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This study aimed to determine the prevalence of psychiatric disorder in young adults with homzygous sickle cell (SS) disease and in controls with normal haemoglobin, and to examine factors associated with psychiatric disorder.
The study design was cross-sectional. Subjects were aged 18–20 years: 63 with SS disease and 89 controls. The Psychiatric Assessment Schedule was used to determine psychiatric disorder at index of Definition level 5.
Psychiatric disorder was identified in 18 (29%) SS disease patients and in 22 (25%) controls. In SS patients, psychiatric disorder was not related to illness severity but was associated with leaving school early, difficulties in social adjustment, impaired cognitive function and having previous psychiatric difficulties. Male SS patients with psychiatric disorder all had low body mass index (BMI < 17.60). In controls, psychiatric disorder was associated with female gender, unemployment and difficulties in social adjustment.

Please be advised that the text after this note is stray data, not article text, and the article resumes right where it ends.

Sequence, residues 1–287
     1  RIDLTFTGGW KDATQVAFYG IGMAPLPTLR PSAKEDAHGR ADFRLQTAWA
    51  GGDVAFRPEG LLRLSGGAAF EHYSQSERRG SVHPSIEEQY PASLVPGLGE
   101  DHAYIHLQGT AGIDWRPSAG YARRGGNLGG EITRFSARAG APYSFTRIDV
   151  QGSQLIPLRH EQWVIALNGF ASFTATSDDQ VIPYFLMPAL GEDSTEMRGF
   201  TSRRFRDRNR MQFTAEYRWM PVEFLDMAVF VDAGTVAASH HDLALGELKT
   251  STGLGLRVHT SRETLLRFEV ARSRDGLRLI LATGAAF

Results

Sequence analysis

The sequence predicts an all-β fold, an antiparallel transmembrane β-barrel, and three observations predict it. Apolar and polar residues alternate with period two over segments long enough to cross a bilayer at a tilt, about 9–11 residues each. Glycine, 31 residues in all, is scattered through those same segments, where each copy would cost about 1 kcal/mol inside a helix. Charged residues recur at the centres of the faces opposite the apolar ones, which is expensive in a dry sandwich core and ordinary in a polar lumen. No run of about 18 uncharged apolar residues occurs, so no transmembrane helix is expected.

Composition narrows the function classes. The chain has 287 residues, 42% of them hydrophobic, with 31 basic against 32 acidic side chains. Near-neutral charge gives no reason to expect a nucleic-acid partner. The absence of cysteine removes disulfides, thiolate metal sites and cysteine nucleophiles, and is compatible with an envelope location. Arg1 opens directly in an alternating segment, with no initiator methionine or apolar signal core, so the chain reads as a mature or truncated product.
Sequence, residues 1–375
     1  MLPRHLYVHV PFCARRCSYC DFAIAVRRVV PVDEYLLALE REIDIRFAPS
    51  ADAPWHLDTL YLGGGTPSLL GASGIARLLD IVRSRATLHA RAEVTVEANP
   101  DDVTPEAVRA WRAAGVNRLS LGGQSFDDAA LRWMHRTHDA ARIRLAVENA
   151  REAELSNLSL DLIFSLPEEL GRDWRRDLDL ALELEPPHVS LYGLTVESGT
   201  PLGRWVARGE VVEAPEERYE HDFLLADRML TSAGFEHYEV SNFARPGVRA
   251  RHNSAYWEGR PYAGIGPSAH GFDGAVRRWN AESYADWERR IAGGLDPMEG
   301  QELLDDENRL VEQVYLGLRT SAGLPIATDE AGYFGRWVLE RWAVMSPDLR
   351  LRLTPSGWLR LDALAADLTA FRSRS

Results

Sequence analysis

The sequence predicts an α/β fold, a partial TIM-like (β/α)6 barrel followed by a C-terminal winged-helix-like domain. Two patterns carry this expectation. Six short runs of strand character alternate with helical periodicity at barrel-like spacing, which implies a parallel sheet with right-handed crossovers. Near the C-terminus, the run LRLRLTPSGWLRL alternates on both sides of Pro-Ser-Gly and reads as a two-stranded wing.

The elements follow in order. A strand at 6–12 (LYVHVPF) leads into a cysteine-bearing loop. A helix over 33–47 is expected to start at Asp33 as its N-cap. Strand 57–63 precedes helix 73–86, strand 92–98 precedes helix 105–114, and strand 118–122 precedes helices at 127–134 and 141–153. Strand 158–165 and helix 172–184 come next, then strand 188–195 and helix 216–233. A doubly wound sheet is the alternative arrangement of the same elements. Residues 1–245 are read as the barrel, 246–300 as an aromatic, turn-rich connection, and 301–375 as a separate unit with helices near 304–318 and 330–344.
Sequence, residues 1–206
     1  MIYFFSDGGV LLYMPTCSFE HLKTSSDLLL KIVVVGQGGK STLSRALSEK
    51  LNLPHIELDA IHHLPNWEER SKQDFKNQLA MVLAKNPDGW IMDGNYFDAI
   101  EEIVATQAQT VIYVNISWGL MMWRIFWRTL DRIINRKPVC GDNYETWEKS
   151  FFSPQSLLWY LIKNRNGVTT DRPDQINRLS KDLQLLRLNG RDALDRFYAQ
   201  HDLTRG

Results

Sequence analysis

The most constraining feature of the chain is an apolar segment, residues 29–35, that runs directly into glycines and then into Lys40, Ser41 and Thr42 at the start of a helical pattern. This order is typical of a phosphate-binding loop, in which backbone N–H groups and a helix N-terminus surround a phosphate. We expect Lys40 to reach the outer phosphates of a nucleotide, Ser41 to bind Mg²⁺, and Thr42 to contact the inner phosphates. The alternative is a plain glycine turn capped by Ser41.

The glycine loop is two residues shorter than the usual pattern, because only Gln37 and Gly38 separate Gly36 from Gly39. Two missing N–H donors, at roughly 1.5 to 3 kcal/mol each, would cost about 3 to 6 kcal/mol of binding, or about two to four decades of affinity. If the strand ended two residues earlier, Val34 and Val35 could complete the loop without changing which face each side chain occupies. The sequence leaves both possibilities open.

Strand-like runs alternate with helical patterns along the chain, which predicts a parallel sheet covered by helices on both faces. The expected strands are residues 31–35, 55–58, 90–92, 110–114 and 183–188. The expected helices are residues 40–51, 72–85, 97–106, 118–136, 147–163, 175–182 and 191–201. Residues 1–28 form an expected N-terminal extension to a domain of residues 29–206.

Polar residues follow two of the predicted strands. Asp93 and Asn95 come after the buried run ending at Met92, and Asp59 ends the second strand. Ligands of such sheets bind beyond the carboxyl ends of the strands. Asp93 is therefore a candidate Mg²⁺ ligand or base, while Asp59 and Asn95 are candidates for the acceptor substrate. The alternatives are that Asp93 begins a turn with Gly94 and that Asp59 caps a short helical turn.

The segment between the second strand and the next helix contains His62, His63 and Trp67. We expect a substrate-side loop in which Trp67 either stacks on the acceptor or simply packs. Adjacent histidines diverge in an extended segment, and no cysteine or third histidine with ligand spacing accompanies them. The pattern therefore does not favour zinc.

The prevalence of psychiatric disorder was similar in patients and controls, although associated factors tended to be different. The association with low BMI in SS men merits further study.
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